I’ve just got around to installing the magnificient kcite plugin that Simon Cockell wrote for knowledgeblog. It’s actually a really simple plugin, but it’s tremedously useful. For instance, I can now cite my own papers on reality (10.1371/journal.pone.0012258), function (10.1186/2041-1480-1-S1-S4) or protein classification (10.1093/bioinformatics/btl208) and all the metadata will be gathered and cited for me in a nice reference list at the end.

Of course, I am used to the good life, and this is still all a bit clunky for me. I wanted support from my text editor. For this blog, I use a tool-chain of Emacs, asciidoc and blogpost. But for references I use reftex mode and bibtex. Now I realise that this is a pretty minority tool-chain, but it seemed to me that it should be possible to get it working. And it is, actually, pretty easy. Very rough and ready, but the lisp is below. Obviously, this will need fiddling with for each user, and I will improve it over time.

But it demonstrates the point, I think. A little bit of glue can produce a pretty good publishing tool chain, relatively quickly.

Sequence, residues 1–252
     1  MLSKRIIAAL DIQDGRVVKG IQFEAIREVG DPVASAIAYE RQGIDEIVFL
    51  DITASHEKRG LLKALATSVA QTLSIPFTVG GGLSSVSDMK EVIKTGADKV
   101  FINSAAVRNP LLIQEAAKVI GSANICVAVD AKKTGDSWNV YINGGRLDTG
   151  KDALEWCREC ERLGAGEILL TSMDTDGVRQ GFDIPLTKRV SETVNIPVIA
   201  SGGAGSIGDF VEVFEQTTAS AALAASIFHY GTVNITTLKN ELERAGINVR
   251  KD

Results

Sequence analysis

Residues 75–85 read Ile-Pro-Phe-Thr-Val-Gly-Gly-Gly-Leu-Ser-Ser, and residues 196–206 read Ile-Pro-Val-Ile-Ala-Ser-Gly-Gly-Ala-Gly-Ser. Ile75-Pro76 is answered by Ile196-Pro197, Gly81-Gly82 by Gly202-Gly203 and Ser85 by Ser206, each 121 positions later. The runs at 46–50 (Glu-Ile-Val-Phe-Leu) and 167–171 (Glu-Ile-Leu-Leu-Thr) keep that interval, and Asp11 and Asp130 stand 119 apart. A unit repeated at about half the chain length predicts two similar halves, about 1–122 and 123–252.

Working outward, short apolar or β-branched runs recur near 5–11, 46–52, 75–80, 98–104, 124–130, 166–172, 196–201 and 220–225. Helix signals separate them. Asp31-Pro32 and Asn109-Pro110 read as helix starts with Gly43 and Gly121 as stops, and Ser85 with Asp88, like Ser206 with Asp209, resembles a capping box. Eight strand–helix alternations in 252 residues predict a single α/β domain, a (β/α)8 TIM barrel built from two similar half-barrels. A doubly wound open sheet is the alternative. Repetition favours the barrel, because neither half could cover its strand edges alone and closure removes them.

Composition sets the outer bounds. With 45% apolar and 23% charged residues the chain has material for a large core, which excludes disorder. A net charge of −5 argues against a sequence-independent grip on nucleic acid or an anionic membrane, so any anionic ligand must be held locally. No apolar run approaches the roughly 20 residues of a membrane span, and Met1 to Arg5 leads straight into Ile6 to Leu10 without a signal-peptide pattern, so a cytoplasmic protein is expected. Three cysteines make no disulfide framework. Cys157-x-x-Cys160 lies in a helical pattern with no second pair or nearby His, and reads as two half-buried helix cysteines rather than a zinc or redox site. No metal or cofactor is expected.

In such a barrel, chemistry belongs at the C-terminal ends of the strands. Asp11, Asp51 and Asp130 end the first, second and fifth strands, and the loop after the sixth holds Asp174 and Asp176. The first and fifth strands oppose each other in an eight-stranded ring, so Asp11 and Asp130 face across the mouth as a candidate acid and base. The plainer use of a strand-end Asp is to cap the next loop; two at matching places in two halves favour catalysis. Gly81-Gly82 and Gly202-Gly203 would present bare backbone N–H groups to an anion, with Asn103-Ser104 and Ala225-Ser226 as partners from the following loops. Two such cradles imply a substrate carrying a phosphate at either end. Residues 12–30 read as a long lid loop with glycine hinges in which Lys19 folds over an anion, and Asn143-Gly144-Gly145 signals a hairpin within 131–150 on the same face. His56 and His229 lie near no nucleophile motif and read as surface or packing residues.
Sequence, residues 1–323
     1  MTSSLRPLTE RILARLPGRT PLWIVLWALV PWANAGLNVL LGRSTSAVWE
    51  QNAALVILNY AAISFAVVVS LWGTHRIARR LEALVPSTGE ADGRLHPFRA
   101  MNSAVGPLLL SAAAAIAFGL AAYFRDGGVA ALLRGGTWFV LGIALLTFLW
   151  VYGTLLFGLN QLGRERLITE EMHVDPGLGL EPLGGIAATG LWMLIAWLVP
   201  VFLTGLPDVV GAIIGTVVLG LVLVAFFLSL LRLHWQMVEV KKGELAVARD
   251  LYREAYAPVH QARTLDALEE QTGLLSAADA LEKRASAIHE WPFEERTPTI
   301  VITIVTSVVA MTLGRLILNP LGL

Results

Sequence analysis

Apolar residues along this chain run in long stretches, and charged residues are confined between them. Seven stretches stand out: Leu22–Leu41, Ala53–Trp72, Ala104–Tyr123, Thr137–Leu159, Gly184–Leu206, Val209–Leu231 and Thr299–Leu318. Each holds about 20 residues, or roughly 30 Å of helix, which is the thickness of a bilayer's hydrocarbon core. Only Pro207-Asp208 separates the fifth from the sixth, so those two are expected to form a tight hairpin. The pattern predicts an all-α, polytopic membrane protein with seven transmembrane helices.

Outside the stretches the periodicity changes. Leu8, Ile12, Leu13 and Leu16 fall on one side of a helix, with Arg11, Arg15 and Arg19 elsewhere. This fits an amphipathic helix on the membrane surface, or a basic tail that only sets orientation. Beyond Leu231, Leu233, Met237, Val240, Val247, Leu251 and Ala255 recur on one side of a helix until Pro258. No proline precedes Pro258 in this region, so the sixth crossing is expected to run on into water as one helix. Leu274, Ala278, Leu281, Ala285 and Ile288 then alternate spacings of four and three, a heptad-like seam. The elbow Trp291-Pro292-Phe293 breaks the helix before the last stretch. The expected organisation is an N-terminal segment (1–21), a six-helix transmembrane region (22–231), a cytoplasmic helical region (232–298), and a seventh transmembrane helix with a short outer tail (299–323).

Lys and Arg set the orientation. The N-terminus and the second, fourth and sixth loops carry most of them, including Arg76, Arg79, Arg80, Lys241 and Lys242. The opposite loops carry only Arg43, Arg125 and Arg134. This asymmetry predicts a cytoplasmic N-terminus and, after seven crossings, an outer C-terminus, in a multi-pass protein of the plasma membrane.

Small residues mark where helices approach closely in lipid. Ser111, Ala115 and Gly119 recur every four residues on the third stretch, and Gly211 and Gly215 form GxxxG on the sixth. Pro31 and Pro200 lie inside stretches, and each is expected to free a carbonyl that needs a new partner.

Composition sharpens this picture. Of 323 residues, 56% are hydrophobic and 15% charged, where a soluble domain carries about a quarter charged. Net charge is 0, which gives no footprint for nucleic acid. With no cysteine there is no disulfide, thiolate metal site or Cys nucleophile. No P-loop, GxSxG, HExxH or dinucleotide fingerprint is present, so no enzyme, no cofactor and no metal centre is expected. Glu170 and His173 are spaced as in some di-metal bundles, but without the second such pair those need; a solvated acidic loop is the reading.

(add-hook 'adoc-mode-hook

(defvar phil-reftex-citation-override nil)

(defun phil-asciidoc-reftex-support()
  (reftex-mode 1)
  (make-local-variable 'phil-reftex-citation-override)
  (setq phil-reftex-citation-override t)
  (make-local-variable 'reftex-default-bibliography)
  (setq reftex-default-bibliography

(defadvice reftex-format-citation (around phil-asciidoc-around activate)
  (if phil-reftex-citation-override
        (setq ad-return-value (phil-reftex-format-citation entry format)))

(defun phil-reftex-format-citation( entry format )
  (let ((doi (reftex-get-bib-field "doi" entry)))
    (format "pass:[()%s[/cite\\]]" doi)))


Leave a Reply